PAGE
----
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Retirement income covenant can improve outcomes for SMSF retirees

Accurium general manager Doug McBirnie
By Tony Zhang
01 September 2021 — 2 minute read

While there have been concerns the retirement income covenant may increase red tape, the covenant may help shape future retirement planning outcomes and create positive outcomes for SMSF retirees if done correctly, says Accurium.

In July, the government released a consultation paper on the long-awaited retirement income covenant. The aim of the new measure is to improve the retirement outcomes of Australian retirees by requiring the custodians of their savings, superannuation funds, to develop coherent retirement income strategies for their members. 

In a recent update, Accurium general manager Doug McBirnie said that contrary to concerns around potential negative impacts for retirees, the implementation of the retirement income covenant could instead be a positive measure for SMSFs.

“Some commentators have suggested that applying the covenant to SMSFs is inappropriate and simply adds red tape,” Mr McBirnie said.

“They argue that the retirement income strategy is likely to become another template document to add to the list for SMSF trustees to sign, which adds little value. I disagree. Done right, the covenant has the potential to improve the retirement outcomes for many SMSF retirees.”

Mr McBirnie noted the government is concerned about retirees not spending their tax concessional superannuation over the course of their retirement. ATO statistics show that typical SMSF balances for 65- to 69-year-olds are very similar to those of 75- to 84-year-olds. 

“This suggests that many SMSF retirees are living off the income generated by their retirement savings rather than consuming capital. Now that’s fine (with me anyway) if those retirees are happy with their level of income and would prefer to leave their superannuation savings to the next generation,” he noted.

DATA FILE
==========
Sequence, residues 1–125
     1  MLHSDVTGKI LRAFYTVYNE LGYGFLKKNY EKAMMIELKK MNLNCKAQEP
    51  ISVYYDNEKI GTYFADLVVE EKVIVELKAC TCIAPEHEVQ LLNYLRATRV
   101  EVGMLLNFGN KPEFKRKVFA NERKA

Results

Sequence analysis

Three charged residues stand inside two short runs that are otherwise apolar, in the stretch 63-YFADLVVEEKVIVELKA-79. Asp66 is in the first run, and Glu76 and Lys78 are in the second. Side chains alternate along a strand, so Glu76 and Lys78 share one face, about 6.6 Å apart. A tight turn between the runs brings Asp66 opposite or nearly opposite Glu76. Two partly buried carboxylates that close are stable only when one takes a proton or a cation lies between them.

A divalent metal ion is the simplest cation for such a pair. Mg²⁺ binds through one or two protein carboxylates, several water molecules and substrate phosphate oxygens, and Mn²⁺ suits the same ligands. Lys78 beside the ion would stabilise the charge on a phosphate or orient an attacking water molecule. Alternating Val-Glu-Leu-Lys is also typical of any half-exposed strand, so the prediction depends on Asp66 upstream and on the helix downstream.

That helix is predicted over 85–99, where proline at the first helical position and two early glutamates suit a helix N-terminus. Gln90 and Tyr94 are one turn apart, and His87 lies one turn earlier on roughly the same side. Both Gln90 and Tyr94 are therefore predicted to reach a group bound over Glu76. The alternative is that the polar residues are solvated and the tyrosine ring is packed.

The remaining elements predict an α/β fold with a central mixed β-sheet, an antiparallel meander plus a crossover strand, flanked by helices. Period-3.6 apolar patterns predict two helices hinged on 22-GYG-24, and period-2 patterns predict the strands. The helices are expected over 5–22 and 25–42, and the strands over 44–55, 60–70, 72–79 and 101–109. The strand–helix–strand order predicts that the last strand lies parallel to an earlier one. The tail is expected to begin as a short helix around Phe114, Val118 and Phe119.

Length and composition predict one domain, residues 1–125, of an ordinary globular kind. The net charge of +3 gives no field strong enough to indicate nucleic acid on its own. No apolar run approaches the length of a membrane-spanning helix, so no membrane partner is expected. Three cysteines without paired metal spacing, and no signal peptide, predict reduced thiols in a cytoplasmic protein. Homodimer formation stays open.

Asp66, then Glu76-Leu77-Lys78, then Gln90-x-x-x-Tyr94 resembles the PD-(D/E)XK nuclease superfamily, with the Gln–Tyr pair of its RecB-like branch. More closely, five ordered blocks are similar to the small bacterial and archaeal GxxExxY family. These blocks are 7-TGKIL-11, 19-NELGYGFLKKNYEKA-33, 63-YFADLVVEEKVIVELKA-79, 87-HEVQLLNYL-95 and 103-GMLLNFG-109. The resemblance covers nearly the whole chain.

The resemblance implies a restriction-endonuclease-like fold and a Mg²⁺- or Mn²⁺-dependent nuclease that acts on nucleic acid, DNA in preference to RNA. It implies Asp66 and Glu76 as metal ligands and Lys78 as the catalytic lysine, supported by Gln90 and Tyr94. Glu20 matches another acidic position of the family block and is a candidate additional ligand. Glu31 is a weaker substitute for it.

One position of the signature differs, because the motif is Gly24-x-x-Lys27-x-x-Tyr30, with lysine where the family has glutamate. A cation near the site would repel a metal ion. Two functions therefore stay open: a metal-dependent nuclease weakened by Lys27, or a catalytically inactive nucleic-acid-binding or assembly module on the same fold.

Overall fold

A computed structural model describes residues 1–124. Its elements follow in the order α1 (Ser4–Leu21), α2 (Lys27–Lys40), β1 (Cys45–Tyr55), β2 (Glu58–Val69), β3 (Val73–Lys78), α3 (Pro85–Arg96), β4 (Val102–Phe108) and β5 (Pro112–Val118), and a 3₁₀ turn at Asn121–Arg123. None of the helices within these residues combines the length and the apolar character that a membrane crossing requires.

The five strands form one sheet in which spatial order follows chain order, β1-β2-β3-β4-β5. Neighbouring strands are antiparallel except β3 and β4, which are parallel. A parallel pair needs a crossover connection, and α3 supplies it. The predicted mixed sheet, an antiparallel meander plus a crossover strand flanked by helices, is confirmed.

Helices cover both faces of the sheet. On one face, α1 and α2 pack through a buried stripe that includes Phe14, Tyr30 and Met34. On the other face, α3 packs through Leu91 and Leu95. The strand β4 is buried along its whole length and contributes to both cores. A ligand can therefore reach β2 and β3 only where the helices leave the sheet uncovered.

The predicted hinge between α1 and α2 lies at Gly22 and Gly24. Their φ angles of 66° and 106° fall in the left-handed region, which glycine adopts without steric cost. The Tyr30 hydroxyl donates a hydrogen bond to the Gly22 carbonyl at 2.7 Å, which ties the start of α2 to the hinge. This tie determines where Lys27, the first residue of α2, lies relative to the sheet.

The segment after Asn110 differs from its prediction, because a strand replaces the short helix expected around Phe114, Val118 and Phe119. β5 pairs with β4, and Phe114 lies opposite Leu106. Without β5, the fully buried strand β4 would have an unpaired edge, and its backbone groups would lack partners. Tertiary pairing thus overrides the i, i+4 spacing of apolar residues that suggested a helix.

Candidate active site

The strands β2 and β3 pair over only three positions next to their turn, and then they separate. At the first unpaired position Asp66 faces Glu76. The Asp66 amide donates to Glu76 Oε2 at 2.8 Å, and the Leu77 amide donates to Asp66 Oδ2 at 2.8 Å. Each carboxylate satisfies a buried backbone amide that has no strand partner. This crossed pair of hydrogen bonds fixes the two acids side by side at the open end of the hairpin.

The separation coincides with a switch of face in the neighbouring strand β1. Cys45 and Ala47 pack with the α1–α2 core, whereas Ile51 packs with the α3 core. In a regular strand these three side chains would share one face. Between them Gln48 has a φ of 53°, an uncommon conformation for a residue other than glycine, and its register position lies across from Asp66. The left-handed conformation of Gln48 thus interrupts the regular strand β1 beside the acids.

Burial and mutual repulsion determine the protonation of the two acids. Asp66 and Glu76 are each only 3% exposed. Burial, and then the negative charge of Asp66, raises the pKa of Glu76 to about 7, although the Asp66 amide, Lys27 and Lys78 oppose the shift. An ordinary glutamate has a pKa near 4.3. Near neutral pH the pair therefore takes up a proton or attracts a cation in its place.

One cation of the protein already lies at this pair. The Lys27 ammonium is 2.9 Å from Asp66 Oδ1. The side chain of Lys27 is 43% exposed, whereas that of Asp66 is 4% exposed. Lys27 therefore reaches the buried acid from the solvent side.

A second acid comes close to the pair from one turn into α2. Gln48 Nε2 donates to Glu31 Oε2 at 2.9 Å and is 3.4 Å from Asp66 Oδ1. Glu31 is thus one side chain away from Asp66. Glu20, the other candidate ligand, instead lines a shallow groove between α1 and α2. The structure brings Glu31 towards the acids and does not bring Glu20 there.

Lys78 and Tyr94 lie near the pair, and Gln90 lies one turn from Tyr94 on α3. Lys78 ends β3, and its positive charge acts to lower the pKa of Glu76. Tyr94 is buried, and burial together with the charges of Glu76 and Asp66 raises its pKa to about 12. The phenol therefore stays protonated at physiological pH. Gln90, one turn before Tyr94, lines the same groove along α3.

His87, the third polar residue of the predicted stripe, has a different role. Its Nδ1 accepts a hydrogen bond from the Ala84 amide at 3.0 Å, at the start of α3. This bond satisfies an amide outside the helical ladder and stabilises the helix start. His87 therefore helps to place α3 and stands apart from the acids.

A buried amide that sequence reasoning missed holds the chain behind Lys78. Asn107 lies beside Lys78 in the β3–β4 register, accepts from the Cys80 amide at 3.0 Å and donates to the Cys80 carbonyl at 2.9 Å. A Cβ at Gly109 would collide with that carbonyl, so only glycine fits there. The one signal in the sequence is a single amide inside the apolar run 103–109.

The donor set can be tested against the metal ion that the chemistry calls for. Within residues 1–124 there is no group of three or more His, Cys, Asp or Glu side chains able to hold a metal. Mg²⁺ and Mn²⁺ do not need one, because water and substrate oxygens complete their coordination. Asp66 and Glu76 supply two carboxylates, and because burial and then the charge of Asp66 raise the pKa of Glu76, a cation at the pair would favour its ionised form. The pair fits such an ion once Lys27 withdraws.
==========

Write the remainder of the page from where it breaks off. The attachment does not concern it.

“However, survey after survey has also shown that the reason many retirees don’t spend their savings isn’t because they’ve got more than they need, but because they are afraid of running out. For example, recent research found that most older Australians (53 per cent) are worried about outliving their savings.”

The proposed retirement income covenant will also require SMSF trustees to develop a retirement income strategy. Mr McBirnie said this considers a variety of things such as members’ finances at a household level (e.g. for a couple), whether they own their own home and applicable taxes. 

It also considers eligibility for the age pension, not just now, but throughout retirement, flexibility to meet unexpected costs, and the key risks faced by retirees, such as longevity, inflation and investment risks.

“This will require detailed cash flow planning, calculations and projections that allow for uncertain lifespans,” Mr McBirnie continued.

“Accountants and advisers will be able to use their expertise to help SMSF trustees to develop sustainable retirement spending plans. More SMSF trustees may feel compelled to seek out that advice. New tools are likely to be developed to help SMSF trustees do this for themselves.  

“My view is that this will help many SMSF trustees develop better plans to meet their goals in retirement, whatever those goals might be. 

“Maybe some of those retirees who would otherwise be too nervous to spend their savings can be given comfort that, with the right plan in place, they can afford to enjoy their retirement a little more. That sounds like a good outcome to me.”

Retirement income covenant can improve outcomes for SMSF retirees
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Tony Zhang

Tony Zhang

Tony Zhang is a journalist at Accountants Daily, which is the leading source of news, strategy and educational content for professionals working in the accounting sector.

Since joining the Momentum Media team in 2020, Tony has written for a range of its publications including Lawyers Weekly, Adviser Innovation, ifa and SMSF Adviser. He has been full-time on Accountants Daily since September 2021.

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